Immigrants’ rights at Canadian workplace
Canada has been the top priority among immigrants across the world because of its conducive and friendly environment. Post COVID, the economical situation of the country might be different, but Canada had once welcomed over 1 million immigrants under its fold in the next three years.But is the working environment in Canada really conducive? While experts harp on the fact that immigrants should ensure that they know enough about their job responsibilities and working environments, there are many who still face issues getting opportunities and sustaining if they get one.
The challenges and difficulties for Immigrants while settling in Canada:
Canadian workplace legislation can be difficult to understand if English is the second language. It becomes even more troublesome considering the differences in workers’ rights between provinces and territories. It must, however, remember that even though the Canadian Workflow Legislation is difficult to understand, it aims to protect the workers’ rights.
All Employees in Canada have right to know about their Health and Safety Rights at Workplace
All workers in Canada have the right to know about their health and safety and have the right to decide to take up a work beyond their responsibilities. They, however, have the right to time offs, days off and right to be paid for their work. No company has the right to hold back money at their own discretion if the employee is laid off.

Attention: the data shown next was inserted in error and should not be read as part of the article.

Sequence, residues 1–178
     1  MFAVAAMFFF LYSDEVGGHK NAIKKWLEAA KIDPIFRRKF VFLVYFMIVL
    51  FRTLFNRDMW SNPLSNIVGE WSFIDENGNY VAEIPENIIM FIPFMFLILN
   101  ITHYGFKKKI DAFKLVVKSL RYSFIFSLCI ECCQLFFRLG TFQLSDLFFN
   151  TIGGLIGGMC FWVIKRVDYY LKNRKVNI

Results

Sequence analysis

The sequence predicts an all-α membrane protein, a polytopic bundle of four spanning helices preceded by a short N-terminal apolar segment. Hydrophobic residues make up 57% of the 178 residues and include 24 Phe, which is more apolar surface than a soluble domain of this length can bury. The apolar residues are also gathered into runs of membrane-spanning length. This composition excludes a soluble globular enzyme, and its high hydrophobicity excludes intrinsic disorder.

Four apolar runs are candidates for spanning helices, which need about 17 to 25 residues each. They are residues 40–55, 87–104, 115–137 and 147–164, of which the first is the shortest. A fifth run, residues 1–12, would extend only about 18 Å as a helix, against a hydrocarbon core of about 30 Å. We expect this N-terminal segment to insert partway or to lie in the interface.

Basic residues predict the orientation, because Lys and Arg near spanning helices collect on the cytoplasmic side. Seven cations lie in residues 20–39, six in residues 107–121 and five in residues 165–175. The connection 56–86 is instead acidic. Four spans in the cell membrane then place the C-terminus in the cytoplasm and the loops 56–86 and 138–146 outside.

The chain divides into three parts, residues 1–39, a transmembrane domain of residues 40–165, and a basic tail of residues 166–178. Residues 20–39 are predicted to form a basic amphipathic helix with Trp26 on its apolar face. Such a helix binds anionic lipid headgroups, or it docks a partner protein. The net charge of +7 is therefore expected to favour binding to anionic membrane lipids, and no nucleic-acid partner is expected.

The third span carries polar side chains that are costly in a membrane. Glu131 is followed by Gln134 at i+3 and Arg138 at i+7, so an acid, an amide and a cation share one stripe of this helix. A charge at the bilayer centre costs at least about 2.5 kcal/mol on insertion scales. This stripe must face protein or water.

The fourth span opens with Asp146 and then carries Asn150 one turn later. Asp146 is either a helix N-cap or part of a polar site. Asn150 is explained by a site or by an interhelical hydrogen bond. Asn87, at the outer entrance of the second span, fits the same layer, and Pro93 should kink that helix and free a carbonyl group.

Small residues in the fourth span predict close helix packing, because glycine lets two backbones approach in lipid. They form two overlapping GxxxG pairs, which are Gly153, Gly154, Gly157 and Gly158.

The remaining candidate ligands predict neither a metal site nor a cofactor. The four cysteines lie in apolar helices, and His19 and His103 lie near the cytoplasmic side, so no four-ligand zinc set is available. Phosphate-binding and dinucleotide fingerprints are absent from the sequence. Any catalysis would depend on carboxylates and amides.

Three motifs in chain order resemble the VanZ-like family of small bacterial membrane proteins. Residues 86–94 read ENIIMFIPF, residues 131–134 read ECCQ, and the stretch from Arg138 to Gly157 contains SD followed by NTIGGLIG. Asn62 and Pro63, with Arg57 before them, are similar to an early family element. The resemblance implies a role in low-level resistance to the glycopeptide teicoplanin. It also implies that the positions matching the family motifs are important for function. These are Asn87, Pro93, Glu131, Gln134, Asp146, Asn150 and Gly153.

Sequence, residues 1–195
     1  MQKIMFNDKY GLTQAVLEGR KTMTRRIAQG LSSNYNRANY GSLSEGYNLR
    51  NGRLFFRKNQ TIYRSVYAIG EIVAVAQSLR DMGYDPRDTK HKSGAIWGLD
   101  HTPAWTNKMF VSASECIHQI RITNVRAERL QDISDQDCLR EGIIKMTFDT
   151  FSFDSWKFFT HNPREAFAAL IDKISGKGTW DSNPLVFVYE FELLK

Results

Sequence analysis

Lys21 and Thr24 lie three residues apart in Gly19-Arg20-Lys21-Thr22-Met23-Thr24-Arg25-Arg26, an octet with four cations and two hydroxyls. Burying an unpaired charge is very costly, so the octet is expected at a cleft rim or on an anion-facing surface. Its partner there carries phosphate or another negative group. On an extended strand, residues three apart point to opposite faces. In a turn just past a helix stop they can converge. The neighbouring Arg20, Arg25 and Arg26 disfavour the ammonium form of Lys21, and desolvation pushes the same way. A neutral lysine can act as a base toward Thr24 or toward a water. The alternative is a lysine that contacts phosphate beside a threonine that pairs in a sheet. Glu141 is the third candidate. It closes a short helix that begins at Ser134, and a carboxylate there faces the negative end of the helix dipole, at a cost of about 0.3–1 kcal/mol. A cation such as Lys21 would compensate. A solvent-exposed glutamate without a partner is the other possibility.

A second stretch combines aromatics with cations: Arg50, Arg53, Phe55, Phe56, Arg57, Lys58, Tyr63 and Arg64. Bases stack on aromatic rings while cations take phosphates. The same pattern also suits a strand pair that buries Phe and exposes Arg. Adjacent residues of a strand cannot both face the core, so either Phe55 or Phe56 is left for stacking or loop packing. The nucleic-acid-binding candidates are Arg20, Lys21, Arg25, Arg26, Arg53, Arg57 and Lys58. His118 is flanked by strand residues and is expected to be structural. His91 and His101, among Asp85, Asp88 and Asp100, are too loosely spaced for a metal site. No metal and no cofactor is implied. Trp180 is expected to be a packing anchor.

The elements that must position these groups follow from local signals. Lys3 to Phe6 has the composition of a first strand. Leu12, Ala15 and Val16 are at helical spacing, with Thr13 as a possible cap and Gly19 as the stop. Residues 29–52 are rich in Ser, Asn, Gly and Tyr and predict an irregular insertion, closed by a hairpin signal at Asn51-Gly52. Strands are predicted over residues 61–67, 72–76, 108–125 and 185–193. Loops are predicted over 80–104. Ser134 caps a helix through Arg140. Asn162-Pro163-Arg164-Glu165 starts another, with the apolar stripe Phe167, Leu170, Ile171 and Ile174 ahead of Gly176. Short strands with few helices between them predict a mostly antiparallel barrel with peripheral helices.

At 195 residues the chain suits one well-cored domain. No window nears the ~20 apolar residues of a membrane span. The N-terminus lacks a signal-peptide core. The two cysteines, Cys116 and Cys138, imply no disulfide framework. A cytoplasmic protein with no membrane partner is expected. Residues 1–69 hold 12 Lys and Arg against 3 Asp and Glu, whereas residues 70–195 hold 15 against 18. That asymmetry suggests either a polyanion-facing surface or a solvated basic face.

Some Major Workplace rights that an Employee in Canada is entitled to:,
- Workers have the right to stick to the stipulated number of working hours as agreed upon.
- They are bound to be heard if they are facing issues at work, if not, they have the right to file a case.
- No gender discrimination is entertained
As per a recent statistics, provided by the Canadian Ministry of Labour, Training and Skills Development, Ontario has recorded over 3,000 complaints of workplace harassment each year for the last couple of years. The ministry refers workplace harassment as:
- Offensive comments and jokes
- Bullying or aggressive behavior
- Inappropriate staring
- Sexual harassment
- Isolating or making fun of a worker because of their gender identity
What immigrants could do in case of harassment at Canadian Workplace:
Every Canadian province and territory has an office that deals with labour and employment laws, providing information with workers about fair pay, hours of work, rest periods, leaves, and working condition in the city.
Anyone having issues with working in Canada can visit these offices for legal help. A number of organizations offer self-help kits, resources and tools to help navigate the human rights system.
It is also important to know that some settlement agencies that deal with employment can often provide you with a list of resources in the province.
Meanwhile, if you are facing any harassment, it is better to document your experience by sending a mail to yourself or speaking to someone in details about the same. Lastly, you can push the higher-ups to act on the issues. If they ignore, an application should be sent to the Human Rights Tribunal.